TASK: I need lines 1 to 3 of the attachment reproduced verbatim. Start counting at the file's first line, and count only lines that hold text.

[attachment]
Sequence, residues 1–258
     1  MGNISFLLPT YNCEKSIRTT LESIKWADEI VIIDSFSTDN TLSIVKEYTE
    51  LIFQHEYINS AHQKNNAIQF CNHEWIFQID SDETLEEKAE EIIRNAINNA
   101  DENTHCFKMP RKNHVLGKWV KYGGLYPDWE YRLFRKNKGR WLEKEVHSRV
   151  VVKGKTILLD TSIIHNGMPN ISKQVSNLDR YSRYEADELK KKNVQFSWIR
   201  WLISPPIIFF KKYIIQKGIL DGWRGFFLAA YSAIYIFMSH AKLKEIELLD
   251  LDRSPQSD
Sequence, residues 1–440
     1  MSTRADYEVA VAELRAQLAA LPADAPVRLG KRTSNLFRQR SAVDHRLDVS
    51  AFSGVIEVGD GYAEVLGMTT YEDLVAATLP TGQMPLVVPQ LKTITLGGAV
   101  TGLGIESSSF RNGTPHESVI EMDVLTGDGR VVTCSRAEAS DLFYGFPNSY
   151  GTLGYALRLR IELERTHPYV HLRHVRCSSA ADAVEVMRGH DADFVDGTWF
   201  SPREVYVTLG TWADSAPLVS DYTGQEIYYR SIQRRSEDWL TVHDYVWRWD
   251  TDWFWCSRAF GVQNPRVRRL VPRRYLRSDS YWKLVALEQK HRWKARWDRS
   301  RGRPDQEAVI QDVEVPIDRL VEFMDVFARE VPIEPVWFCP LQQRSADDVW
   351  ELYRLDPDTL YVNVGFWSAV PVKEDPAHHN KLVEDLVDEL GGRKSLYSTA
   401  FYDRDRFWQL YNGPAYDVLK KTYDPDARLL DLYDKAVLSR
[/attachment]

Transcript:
Sequence, residues 1–258
     1  MGNISFLLPT YNCEKSIRTT LESIKWADEI VIIDSFSTDN TLSIVKEYTE
    51  LIFQHEYINS AHQKNNAIQF CNHEWIFQID SDETLEEKAE EIIRNAINNA